Comm Eye Health J. 12 May 2023 Epub ahead of print. Comm Eye Health Vol. 36 No. 118 2023 pp 11. Published online 12 May 2023.

Inclusion of eye medication in national health care systems

Junu Shrestha

Policy & Advocacy Manager: International Agency for the Prevention of Blindness, London, UK.

May Ho

Optometry & Primary Care Adviser: The Fred Hollows Foundation, Melbourne, Australia.

Jude Stern

Head of Knowledge Management: IAPB, Sydney, Australia.

Many bottles of different eye drops on a shel
With so many eye medicines available, the WHO model list provides helpful guidance. © Aravind CC BY-NC-SA 4.0
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Advocacy for eye medicines is easier with these helpful resources and guidance.

The World Health Organization (WHO) maintains a model list of essential medicines. The essential medicines include those that satisfy the priority health care needs of a population. The medicines are the most effective, safe, evidence-based available and are comparatively cost-effective. They are intended to be available in health systems at all times. WHO recommends health system in the countries to make those medicines in appropriate quality, form and dosage available, accessible and affordable to everyone in need. This universal access can be possible only when the medicines are included in a country’s essential medicines list and funded by the health financing system of that country.

The WHO model list of essential medicines includes ophthalmic medicines in section: 14.1 Diagnostic agents: Ophthalmic medicines; and 21. Ophthalmological preparations. These sections need to be informed to the policy makers and referred during approaching for the advocacy on universal eye health. The latest list is available here:

The WHO’s Package of Eye Care Interventions (PECI), launched at the World Health Assembly in 2022, is a set of evidence-based eye care interventions and the resources needed for their implementation. PECI – which includes the list of ophthalmic medicines in the WHO essential medicines list – is designed to support policy makers and technical decision makers to integrate eye care into the health care services system of the country. This tool is an important resource when advocating for the inclusion of essential eye medicines in the national essential medicines list and in health financing benefit packages.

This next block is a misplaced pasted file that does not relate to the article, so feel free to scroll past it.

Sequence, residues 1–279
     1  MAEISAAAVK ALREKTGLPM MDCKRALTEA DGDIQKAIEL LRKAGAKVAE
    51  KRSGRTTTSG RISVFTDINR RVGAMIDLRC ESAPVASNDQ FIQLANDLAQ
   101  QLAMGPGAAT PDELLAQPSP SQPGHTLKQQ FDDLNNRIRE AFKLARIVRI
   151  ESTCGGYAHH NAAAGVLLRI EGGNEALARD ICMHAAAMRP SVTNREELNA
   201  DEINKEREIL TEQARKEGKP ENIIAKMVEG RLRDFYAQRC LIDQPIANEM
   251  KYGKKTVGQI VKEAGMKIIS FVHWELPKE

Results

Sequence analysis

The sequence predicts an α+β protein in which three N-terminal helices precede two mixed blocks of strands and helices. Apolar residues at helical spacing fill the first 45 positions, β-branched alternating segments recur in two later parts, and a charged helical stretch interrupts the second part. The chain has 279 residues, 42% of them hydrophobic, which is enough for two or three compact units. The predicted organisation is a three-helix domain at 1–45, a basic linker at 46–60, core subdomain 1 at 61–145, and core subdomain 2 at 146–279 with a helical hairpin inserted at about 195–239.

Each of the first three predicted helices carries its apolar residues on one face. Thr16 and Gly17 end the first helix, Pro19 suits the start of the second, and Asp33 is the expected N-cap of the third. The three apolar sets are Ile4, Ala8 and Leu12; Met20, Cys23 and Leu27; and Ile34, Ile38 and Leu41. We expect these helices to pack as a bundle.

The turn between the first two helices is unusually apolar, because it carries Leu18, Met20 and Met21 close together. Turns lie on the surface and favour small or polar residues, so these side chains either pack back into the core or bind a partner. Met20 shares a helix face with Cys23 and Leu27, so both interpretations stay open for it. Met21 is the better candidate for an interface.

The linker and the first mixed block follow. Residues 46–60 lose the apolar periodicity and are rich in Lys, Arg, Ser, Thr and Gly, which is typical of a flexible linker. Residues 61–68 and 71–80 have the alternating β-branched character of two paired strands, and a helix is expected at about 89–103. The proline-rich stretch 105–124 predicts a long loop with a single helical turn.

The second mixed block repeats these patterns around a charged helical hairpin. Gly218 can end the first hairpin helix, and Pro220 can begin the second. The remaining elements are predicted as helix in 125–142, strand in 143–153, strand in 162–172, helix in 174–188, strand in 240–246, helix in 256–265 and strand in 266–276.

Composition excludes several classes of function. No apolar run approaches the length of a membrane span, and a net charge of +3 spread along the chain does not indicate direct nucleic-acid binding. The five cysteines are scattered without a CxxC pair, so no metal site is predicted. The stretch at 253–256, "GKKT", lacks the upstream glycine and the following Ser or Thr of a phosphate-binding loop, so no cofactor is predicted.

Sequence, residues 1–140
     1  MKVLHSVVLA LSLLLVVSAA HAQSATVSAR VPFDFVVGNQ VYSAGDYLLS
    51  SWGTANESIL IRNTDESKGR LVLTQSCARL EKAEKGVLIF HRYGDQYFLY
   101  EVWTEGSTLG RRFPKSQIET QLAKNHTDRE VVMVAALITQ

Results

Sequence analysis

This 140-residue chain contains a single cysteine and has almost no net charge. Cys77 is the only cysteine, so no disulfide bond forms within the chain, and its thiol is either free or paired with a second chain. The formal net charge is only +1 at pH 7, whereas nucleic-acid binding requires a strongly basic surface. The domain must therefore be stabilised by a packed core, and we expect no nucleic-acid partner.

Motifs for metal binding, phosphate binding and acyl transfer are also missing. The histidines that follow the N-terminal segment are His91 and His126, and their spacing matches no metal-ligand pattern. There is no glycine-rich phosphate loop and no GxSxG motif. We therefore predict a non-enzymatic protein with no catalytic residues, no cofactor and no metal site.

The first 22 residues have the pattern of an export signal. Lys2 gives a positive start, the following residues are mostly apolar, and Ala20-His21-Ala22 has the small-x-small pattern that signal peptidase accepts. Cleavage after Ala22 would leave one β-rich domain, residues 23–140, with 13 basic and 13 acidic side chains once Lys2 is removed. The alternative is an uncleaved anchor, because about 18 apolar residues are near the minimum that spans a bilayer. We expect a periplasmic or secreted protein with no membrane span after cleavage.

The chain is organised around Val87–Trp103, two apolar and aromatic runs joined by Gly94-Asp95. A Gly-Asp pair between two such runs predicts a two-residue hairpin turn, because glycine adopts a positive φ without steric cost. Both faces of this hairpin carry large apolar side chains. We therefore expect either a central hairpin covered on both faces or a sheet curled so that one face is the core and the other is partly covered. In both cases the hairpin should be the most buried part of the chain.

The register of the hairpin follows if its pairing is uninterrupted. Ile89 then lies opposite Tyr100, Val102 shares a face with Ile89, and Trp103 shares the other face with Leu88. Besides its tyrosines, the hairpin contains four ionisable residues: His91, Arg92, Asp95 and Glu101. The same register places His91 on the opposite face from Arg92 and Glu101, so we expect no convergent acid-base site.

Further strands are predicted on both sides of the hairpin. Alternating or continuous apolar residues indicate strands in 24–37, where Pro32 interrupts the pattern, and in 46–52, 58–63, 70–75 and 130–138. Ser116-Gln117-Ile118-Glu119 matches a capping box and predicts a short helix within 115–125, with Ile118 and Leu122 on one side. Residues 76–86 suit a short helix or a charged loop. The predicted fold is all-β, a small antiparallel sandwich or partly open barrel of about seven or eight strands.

When advocating for eye medicines, also refer to the United Nations’ Sustainable Development Goals, target 3.8. This target focuses on achieving universal health coverage, including financial risk protection, access to quality essential health care services and access to safe, effective, quality and affordable essential medicines and vaccines for all. Therefore, without provision for the equitable access to essential medicines for eye conditions, achieving universal eye health coverage is not possible.

Access to essential ophthalmic medicines also aligns with the principle of Integrated People-centred Eye Care (IPEC). The IPEC was adopted by the 73rd World Health Assembly resolution in 2020. To know more about advocating for IPEC, check out IAPB’s IPEC Advocacy to Action Toolkit. The toolkit includes PowerPoint slides, letter and IPEC policy brief templates that can be adapted and used to approach stakeholders for policy dialogues.

The WHO has also produced guidelines on using the WHO Model List of Essential Medicines to update the national essential medicines list. See